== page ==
The Standard of Truth Still Stands Strong

I haven’t written much on the topic of gay marriage in recent months because I felt that pretty much everything on the legal merits had been said ad nauseum. I also had little pretension or doubt as to what the outcome of the Supreme Court case would be, though I was eager to see what rationale the Court would use as it created a constitutional right to same-sex marriage.

This morning, knowing that the decision was pending, I spent time in the temple praying for peace and clarity regarding the opinion. As I did so, I again received a reassurance that I have received frequently over the past several months. Ultimately, while there are reasons to despair over the changes that have swept the nation, we should be filled with hope because the Lord is in charge.

While many are celebrating today, I know that many others are afraid of the impact this decision will have on the Church and the cause of religious freedom.  And many are wondering how to respond as our views increasingly become a minority position. While these thoughts are purely my own, I hope that some of what I express in this post will provide comfort and consolation for those who are anxious as a result of the Supreme Court’s decision.

Opponents of same-sex marriage have frequently warned that when the Supreme Court legalizes same-sex marriage (which it did today), it will be this generation’s Roe v. Wade and lead to a never ending cultural war on the topic. I sincerely hope not. Though I have frequently and strongly spoken up against the legalization of same-sex marriage, I hope that the fighting will recede and that those who see the urgent need to defend the family from decay and destruction will be able to move on to fighting for other pro-family measures.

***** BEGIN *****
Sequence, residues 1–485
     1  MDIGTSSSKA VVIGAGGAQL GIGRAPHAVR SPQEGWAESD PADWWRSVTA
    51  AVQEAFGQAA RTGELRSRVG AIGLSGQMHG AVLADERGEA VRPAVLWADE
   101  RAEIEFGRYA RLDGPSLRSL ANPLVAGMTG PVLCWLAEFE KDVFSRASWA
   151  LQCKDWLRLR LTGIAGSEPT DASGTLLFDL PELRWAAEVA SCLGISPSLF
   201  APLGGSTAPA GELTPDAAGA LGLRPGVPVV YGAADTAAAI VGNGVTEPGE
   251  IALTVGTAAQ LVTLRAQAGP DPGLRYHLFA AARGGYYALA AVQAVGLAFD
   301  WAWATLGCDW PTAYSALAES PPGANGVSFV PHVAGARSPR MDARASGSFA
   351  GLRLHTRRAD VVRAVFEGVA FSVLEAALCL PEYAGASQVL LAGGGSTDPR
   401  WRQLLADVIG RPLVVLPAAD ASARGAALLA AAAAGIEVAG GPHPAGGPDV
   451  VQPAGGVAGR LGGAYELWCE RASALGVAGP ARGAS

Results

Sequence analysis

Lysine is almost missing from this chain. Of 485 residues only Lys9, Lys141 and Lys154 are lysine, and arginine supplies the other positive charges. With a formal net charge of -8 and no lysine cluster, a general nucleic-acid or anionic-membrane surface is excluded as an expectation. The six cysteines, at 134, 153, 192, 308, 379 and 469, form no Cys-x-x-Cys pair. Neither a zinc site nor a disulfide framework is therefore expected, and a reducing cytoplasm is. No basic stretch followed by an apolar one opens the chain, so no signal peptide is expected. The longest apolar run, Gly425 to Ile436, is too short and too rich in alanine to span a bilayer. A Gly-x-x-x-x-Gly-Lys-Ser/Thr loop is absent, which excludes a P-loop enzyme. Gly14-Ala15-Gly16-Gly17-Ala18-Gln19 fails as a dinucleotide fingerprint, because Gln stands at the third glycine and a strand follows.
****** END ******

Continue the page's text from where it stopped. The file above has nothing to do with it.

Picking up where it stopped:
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What Alternative Is There to Discomfort?

Back in my Mormon Matters days, Stephen Marsh an excellent post on helping people be comfortable in Church. Amongst other examples, he used the example of homosexuality. He also recommended John Dehlin’s (at the time recent) post that asked “what can we do to reduce suicide amongst people with a natural same sex attraction who grow up in the LDS culture?”

These are important questions. I agree with Stephen’s sentiment that the first round of answers aren’t likely to be what we end up with. Despite protests to the contrary, I think it’s obvious the LDS Church is trying their best here within their doctrinal framework and that with time better solutions will be found. 

One poster who has a homosexual son made an interesting comment that sparked a question in my mind. They said:

My wife and I have felt increasingly uncomfortable at church the past two months. It is not unexpected because of we live in California with our gay son and we listen to weekly admonitions re: prop 8. An anti-prop 8 TV ad has been running the last few weeks. It references a woman unsuccessfully trying to marry her fiance. Various things at the wedding ceremony make it so the wedding does not happen. It closes with a comment something like “What if you could not marry the one you love?

With that, a sister in our ward stood up in gospel doctrine (the class I teach) during the weekly prop 8 request for action and talked about the “subtle, deceitful people” doing “that TV ad”. She added that “we need to remember what they are really all about.” Continue reading